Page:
Wednesday, October 26, 2005

Martial Rule and the Law

According to the 1987 Constitution, the President can declare Martial Law, but (a) several things remain in effect, like the Consti, the civil courts, nor is the writ of habeas corpus necessarily revoked, and (b) it needs Congressional approval to extend it beyond one month.

When I was born, Martial Law was only just about five years old, so my first-hand recollections of the event are rather nebulous, to say the least. Like most of my generation, all we know of the... horror when Proclamation 1081 was announced is through history books, teachers and professors, tales from our elders in CivSoc, and the occassional docu. Heck, we all thought Erap was going to do something to that effect - I mean, with Lacson and all - but it seemed the guy, in fairness to him, was a lot nicer than we gave him credit for. In fact, as one pundit described him, Erap was, despite everything, in awe of the law.

But from what has been handed down to us, a grim picture emerges. If the docu they showed us at the Ninoy Aquino Center is true, and so goes with history taught to us, Marcos actually acted even before 1081 was proclaimed. That while Tatad was reading 1081 the opposition and activists were being arrested. And there was also a ConCon going on at that time whose provisions would have severly limited Marcos' powers, and that of his cronies.

A lot has been said about the 1987 Consti as a reaction to Martial Law; in fact, many of its provisions that either enshrine civil liberties or prevent the concentration of power on any branch of government, is a clear indication of where the framers of the '87 were coming from.

Before Gloriagate was even on the radar, there were already talks about the charter being changed, especially during the (first) Philippine Political Parties Conference in 2002. As I've recounted before, I had this memorable conversation with Dr. Jose Abueva over Federalism. I wasn't sold on the idea, being a student of history myself, and nothing I've heard from the presentors - including Dr. Abueva - allayed my fears that the inherent extreme parochialism among some Filipinos, alongside political greed, could lead to the dismemberment of a Federal Republic of the Philippines.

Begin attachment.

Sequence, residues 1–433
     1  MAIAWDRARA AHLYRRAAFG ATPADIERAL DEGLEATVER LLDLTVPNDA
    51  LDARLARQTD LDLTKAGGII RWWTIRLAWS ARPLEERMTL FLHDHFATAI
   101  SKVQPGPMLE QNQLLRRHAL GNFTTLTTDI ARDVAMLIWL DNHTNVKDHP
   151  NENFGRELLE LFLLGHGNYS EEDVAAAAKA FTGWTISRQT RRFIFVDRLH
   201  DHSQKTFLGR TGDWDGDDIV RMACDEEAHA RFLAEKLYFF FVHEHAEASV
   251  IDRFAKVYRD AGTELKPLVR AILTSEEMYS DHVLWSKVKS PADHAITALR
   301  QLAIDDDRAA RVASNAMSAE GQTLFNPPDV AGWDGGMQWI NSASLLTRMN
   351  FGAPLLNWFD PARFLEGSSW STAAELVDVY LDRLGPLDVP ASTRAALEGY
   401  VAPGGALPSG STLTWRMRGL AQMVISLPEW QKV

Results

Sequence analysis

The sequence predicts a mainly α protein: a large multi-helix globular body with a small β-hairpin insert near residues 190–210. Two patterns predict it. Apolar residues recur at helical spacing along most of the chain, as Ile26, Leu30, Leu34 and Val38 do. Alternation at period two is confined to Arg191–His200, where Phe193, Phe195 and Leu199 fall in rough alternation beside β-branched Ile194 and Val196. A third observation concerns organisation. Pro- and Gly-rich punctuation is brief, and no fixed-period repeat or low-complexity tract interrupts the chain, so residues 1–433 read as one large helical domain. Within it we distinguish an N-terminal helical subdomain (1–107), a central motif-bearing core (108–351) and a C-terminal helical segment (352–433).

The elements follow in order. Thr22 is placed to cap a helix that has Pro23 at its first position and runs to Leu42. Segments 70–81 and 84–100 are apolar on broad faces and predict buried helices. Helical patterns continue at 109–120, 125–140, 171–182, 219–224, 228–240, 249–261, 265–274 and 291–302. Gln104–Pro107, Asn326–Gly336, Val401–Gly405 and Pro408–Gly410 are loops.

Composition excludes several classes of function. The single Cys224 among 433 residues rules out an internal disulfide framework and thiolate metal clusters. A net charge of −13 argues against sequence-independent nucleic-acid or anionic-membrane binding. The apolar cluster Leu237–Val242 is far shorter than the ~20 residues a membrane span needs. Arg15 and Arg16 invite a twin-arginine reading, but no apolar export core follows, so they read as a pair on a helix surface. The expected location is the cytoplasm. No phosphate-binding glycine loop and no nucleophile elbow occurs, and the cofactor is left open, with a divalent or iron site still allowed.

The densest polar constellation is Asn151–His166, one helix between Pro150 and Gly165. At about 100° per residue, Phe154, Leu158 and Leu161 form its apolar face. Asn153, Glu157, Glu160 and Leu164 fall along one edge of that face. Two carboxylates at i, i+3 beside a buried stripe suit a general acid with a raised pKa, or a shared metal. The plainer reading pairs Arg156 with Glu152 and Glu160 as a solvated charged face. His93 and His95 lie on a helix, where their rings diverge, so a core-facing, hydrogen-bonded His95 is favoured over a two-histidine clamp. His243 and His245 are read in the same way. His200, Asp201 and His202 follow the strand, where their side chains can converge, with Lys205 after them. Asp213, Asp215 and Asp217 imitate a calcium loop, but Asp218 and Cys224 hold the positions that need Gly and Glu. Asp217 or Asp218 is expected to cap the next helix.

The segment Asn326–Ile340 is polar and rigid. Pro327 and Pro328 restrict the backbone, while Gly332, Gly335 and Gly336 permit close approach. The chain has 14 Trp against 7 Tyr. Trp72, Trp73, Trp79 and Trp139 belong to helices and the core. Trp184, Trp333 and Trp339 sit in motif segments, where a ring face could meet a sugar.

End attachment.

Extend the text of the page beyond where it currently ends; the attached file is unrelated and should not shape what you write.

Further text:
So I asked Dr. Abueva: sir, what would prevent ethnic tensions (or something like that) from escalating to the point that States within a Philippine Federal Republic would secede, ala-Confederacy or Yugoslavia?

Dr. Abueva looked at me as if I was such a slow-witted student and said: that's impossible; it will be illegal.

I just sat there and said, "ah, ok." I wanted to pursue the matter, because I knew for a fact that there are some people - and some can be found here in the Philippines - will care less for the law, much less one drafted by academics in Imperial Manila, if it suited their purposes - whether personal or parochial - to leave the Philippines. I wanted to tell Dr. Abueva, "that's well and good, sir, but isn't there more? Because I'll be one of the persons who'll have to lead the charge to restore such 'rebellious' States to the Federation, and I'd like to know if, pretty soon, I'll have to risk my life because of you and your federalista cohorts who seem to be dominating the discussion on ChaCha."

The same line of thinking struck me as the idea of Martial Rule being reinstated by La Gloria went through one avenue of my Mind. Sure, '87 says she can't just declare Martial Law because Congress can nullify it anytime and impeach her for sure. Sure, the '87 has so many legal impediments to Martial Law...